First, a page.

Sunday, January 3, 2010

Shaoxing rice wine - lunching at Ming's

This is part 3 of the Shaoxing rice wine series. Click here for Part 2.

While the in-laws are staying with us, our neighbors Vicky and Wu-Chung invited us for lunch to their famous restaurant Ming's - one of the oldest in Palo Alto, named after a powerful 14-17th-century Chinese dynasty. Originally from Taiwan, which according to Vicky is a melting pot of a variety of Chinese and other Asian cuisines, she comprises her menu mainly of Cantonese recipes, but with creative touches that extend beyond, and with the modern sensibilities of organic and more health-oriented diet. With a few dishes from the menu and some "owner-only" specials, they graciously presented me with an opportunity to continue my Shaoxing wine research against a variety of flavors. I brought the 20-year aged wine by Kuaijishan company - the best one I was able to find in the Bay Area so far. It's been mellowing out open for a few days now, and we decided to serve it warm - the traditional way. Tasting it on its own rather than in a line-up with other Shaoxing wines, it seemed smoother and more refined than I remembered, with a pleasant fragrance about it. At 15%, it was also the least alcoholic of the Shaoxing wines I'd been tasting. Or perhaps I am simply getting used to the flavor...

An array of delectable dishes with a rainbow of flavors and textures were served family-style:

1) Concubine walking chicken with ginger scallion sauce (Cantonese)
2) steamed soy curd milk with fried dough (Taiwanese)
3) dumplings filled with fish and chives served on top of noodle with Cantonese XO and Sichuan chili sauce (Chinese fusion)
4) steamed egg custard with dried scallop (Shanghainese)
5) surf-and-turf pepper beef and fried scallops with onions in XO-like sauce (modified Cantonese)
6) Organic mustard greens (Shanghainese)
7) steamed cured sweet pork sausage (Cantonese)
8) cured pork belly jerky (Cantonese)
9) cured duck jerky (Cantonese)
10) chicken lettuce salad (American/Chinese fusion)
11) and finally sweetened red bean soup for desert with sesami rice balls and water lily root (Cantonese).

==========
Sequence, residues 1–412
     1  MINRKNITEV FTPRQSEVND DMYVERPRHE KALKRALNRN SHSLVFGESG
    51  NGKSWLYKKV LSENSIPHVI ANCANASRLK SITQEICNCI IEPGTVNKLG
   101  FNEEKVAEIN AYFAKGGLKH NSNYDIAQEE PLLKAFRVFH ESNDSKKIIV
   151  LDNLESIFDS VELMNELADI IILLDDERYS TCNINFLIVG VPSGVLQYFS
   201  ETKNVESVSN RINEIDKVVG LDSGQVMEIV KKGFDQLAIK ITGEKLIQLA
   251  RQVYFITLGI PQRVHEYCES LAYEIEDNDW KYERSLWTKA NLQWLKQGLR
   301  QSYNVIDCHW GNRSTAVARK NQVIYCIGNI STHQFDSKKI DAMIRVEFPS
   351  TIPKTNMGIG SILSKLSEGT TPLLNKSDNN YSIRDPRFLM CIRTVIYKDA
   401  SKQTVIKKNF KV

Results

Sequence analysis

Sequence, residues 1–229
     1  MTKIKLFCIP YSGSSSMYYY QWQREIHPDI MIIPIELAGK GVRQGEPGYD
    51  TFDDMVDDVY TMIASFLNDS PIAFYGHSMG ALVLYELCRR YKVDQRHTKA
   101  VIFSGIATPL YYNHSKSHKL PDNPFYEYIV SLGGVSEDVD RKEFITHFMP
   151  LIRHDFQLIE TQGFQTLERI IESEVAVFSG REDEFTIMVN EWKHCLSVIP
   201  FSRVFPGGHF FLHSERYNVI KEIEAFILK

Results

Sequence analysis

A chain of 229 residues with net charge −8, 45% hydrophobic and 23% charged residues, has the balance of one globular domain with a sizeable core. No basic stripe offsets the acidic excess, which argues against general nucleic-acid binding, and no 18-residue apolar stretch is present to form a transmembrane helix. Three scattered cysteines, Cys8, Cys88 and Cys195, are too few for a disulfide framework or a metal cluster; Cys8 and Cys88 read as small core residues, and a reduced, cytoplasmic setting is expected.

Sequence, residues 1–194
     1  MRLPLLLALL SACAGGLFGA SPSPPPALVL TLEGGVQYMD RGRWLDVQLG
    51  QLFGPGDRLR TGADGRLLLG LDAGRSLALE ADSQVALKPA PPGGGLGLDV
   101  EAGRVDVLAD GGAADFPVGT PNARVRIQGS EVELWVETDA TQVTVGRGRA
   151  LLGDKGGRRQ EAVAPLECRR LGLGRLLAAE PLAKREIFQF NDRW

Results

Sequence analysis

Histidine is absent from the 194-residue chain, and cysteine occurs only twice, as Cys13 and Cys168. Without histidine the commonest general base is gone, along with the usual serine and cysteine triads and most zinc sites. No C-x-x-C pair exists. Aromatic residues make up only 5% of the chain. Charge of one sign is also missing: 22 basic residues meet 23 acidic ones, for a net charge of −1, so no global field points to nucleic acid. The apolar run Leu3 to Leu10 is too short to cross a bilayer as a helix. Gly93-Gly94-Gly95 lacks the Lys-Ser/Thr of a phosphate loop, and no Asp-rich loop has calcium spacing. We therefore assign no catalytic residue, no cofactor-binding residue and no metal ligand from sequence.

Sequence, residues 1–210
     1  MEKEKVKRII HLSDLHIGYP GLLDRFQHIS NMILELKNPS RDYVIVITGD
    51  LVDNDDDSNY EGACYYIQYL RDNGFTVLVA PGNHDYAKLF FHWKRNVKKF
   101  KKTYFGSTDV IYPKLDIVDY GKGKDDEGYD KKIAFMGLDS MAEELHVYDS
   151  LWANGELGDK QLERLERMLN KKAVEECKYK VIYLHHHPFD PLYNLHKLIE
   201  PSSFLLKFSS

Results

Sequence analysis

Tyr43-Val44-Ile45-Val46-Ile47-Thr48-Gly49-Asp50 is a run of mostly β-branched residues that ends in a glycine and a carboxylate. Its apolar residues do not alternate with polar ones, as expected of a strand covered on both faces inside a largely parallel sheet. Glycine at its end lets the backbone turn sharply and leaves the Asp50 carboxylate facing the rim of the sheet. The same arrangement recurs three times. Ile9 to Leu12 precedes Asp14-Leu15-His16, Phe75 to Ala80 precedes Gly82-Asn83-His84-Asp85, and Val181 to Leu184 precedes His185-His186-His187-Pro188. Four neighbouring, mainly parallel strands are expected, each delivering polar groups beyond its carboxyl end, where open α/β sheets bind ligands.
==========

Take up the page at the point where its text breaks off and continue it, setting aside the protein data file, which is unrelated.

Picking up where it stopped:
Even though I couldn't understand most of the Mandarin spoken, I could tell the two families hit it off rather well. A lively conversation never subsided - no topic was left unturned, from Chinese politics to Chinese history to the history of our neighborhood. (They occasionally switched to English, for my sake.) The warmth of the people and the warmth of the wine blended into a single warm feeling that kept us going for hours. Wu-Chung and baya are from the same Zhejiang province as Shaoxing, they needed no introduction to the Shaoxing wine. To them, the familiar comfortable flavor went with the food naturally. Sipping, I couldn't help but think that the wine had found its true purpose - at the table with food, in the company of good people, enjoying life and each other. Oh, and it tasted so right!

I also brought a 2005 Dumol Pinot Noir from Russian River Valley, which predictably did very well with Cantonese flavors. The crowd seemed to savor both wines with about equal amount of appreciation. For them, Pinot was the acquired Western taste, rice wine - the familiar and homey. For me, rather the reverse - charmed I kept reaching for refills of the Shaoxing wine.

Needless to say, 4 hours later, stuffed and very satisfied, I could clearly see that the Shaoxing wine paired quite well with the heavier, meatier dishes, especially those with a touch of sweetness and funk.

After the meal, Vicky was nice enough to give me a tour of the kitchen at Ming's. Enormous pots where they roast meats were big enough to engulf little children. Gigantic soup pots with simmering broth, bones macerating for hours until every last ounce of flavor is extracted. Burners the size of wine barrels, rows of stations enough to feed an army. A big operation commanded by this energetic, enterprising lady.

Click here for Part 4.


Do Bianchi said...

Is that Pinot spicy in character? Is that what made it go well with the foods?

great post, great photos... I love it when blogs make me hungry! that's what it's all about, no? ;-)

Iron Chevsky said...

Jeremy, no that Pinot is pretty typical Cali (i.e. no spice, just clean concentrated juicy fruit). The cherry fruit that goes very well with Cantonese (and occasionally Shanghainese and Taiwanese) dishes, because those are not spicy. For spicy Chinese, you gotta go Riesling.

Anonymous said...

Go to Marina Supermarket Cupertino, you will find Kuaijishan 30 years Shaoxing Rice Wine, $45/Bottle for 600ml.

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